Beanless beef chili – the real deal!
Beans or no beans? Tomatoes or no tomatoes? These are the first questions most people ask when they ask about chili. If you ask these questions to a Texan, they will almost certainly say no to both!
In fact, some will get mad at the idea of calling something chili if it has beans or tomatoes. It’s not the real thing that way, they'll say.
To be honest, I tend to be a bit more flexible in my chili definitions, but for those diehard chili fans, this is how you make an official bowl of beef chili, or "Texas Red".
The key to any good chili is good chile peppers. Don’t use chili powder! You need the real deal, so get some dried ones (with mild to medium spice) and lay them out on a baking sheet.
Roast them at 325ºF for 8-10 minutes until they are fragrant and then soak them in boiling water for 30 minutes. This will bring them back to life. Be sure to reserve the chili soaking water for later!
When the chiles have soaked, cut off the stems and scrape out the seeds. Then add them to a blender with some cumin, salt, and pepper.
You don’t need a bunch of other flavors. The chiles are really complex and delicious and you want them to shine. Pour in enough liquid from the soak to make a paste and blend it up! I usually start with a half cup but you might need more.
Blend it until it’s in an almost smooth paste. Some small chunks are okay though.
Okay. Let’s talk beef. To be honest, you could use a wide range of cuts here. Sirloin, chuck roast or brisket would work just fine. You really want about a half pound of beef per serving.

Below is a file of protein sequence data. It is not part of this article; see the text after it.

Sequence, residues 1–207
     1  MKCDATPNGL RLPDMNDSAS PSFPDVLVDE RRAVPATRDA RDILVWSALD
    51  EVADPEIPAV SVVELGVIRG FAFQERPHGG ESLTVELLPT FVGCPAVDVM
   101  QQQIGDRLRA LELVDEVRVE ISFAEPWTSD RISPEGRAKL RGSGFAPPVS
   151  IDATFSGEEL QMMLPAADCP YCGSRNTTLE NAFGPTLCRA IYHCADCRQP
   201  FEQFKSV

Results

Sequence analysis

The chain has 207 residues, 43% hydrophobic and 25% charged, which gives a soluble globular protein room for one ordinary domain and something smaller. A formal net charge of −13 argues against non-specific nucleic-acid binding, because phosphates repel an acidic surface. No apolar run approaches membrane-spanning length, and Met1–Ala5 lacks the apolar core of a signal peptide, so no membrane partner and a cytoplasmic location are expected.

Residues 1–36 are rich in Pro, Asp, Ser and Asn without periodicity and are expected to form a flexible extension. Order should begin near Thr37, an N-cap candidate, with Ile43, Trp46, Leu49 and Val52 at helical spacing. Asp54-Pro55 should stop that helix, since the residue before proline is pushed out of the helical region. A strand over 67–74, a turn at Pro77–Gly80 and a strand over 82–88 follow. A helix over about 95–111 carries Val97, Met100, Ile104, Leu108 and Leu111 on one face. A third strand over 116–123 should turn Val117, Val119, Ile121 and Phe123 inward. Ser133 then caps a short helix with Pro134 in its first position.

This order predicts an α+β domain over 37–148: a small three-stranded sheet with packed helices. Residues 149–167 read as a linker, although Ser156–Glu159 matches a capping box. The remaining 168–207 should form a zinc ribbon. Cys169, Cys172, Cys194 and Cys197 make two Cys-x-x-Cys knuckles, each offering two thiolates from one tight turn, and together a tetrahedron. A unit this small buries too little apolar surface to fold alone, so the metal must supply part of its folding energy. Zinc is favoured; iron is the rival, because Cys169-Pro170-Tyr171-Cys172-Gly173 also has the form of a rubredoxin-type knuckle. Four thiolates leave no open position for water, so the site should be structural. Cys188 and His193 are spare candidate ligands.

Cube up the beef, cutting off any large pieces of fat, and season them with salt and pepper.
Add a good drizzle of oil to a Dutch oven over medium-high heat and brown the beef well on all sides. Work in batches and take your time. Then remove the beef from the pan and set it aside for later.
Turn the heat down to medium on the pot and add another 2-3 tablespoons of oil along with the diced onions. Use the onions to scrape up bits stuck to the pan.
After the onions have cooked for a few minutes, add the garlic and cook for another minute or so.
Add the beef stock, one cup of reserved chile water, and one cup of normal water to the pot along with the beef (and juices) and the cornmeal.
Bring this all to a very light simmer and turn heat down to low. You want it just barely simmering or the liquid will evaporate too quickly.
Cover the chili and cook it on low heat for 90 minutes. That will make sure the beef is fall-apart tender.
After simmering, stir in vinegar and brown sugar and season it with salt and pepper.
Here’s the trick: Turn off the heat now and let the chili cool for thirty minutes (covered). This will give the beef time to absorb all the flavors.
Once the beef has sat for 30 minutes, heat it up again gently over low heat and serve big bowls of it with sour cream, limes, and tortilla chips (or just corn tortillas).
Impress your Texas friends with this one!
Nick will eat any chili, if he’s being honest! Check out his blog, Macheesmo, and follow him on his Tablespoon Profile.